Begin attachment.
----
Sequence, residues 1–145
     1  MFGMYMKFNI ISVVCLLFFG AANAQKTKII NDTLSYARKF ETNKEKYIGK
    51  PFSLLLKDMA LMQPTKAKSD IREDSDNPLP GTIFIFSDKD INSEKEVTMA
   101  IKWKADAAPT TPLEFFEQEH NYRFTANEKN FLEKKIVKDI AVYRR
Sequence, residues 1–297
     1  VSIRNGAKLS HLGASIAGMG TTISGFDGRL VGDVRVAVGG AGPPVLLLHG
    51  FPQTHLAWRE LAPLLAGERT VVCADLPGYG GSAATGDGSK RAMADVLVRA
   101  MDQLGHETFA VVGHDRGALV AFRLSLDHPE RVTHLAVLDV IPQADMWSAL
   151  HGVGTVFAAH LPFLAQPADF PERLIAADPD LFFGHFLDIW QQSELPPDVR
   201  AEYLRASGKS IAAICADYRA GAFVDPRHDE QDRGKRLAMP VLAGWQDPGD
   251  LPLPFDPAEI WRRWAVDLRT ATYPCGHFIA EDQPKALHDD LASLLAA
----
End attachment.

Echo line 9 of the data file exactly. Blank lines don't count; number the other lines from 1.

   151  HGVGTVFAAH LPFLAQPADF PERLIAADPD LFFGHFLDIW QQSELPPDVR